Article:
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In 1964, Hasbro first used the phrase “action figure” in marketing their 11.5-inch G.I. Joe figures to boys who refused to play with traditional dolls. These articulating action figures had a greater range of play than vintage static dolls. An oil supply crisis in the 1970s led manufacturers to shrink the size of the typical action figure to 3.75-inches. The smaller action figures vaulted into prominence with Kenner’s licensing of Star Wars toys in 1971, which have since become their own vintage collectible. Licenses then stretched into Marvel, Masters of the Universe, Thundercats, Ghostbusters, and Teenage Mutant Ninja Turtles. The list goes on. And continues to grow.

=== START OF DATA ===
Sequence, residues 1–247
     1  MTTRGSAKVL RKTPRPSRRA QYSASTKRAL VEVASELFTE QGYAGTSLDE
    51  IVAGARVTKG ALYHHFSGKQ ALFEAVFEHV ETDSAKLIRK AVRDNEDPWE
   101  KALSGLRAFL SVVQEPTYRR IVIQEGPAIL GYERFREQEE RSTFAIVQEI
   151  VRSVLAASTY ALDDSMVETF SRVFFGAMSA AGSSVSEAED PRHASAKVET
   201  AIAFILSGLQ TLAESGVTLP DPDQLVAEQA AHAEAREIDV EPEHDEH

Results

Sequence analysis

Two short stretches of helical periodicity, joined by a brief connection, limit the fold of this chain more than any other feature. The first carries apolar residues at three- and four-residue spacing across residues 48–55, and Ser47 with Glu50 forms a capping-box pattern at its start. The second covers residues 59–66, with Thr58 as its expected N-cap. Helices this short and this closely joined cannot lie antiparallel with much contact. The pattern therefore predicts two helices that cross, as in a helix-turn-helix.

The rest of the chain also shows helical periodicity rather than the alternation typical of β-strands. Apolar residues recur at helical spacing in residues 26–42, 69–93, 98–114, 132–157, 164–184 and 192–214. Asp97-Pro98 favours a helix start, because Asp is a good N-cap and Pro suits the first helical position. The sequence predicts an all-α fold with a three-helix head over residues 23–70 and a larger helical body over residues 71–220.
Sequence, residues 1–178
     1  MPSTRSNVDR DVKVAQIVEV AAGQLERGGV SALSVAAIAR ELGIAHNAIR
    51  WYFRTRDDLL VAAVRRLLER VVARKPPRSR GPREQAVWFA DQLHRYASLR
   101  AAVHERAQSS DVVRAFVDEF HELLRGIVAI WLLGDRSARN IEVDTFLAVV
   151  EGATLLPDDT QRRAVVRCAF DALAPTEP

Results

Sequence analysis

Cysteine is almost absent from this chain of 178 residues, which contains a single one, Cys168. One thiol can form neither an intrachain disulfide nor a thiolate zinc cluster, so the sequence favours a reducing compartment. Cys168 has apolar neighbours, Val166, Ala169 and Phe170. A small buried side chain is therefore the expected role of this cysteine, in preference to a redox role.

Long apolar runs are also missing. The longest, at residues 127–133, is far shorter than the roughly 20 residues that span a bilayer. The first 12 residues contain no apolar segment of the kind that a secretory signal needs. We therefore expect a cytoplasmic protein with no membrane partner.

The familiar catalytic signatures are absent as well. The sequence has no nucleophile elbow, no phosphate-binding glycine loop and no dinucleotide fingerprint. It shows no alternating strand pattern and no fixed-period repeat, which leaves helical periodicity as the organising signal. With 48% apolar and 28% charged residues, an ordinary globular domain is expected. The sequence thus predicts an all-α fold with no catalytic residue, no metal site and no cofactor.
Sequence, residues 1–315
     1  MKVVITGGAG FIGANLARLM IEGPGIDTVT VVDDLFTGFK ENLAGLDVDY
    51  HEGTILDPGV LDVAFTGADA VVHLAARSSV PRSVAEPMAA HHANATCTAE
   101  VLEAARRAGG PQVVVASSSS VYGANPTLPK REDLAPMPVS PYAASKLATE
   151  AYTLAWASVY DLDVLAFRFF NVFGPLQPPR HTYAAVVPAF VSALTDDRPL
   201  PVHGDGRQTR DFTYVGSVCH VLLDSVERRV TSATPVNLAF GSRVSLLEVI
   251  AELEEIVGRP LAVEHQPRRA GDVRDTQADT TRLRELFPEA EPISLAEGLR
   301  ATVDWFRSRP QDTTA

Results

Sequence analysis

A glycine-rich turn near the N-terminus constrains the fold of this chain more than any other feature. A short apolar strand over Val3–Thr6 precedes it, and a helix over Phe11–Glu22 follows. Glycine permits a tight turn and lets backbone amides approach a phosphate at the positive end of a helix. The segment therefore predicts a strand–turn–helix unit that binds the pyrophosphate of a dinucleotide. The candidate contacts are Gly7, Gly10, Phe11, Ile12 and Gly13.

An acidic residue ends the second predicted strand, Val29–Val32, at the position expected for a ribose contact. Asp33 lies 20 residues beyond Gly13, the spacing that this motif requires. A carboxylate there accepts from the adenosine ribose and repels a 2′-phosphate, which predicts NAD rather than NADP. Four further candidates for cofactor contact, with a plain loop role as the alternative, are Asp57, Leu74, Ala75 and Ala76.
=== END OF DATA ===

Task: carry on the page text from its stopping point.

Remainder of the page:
In February 2016, Mattel launched their first line of articulating action figures for girls, including Wonder Woman, Supergirl, and Batgirl.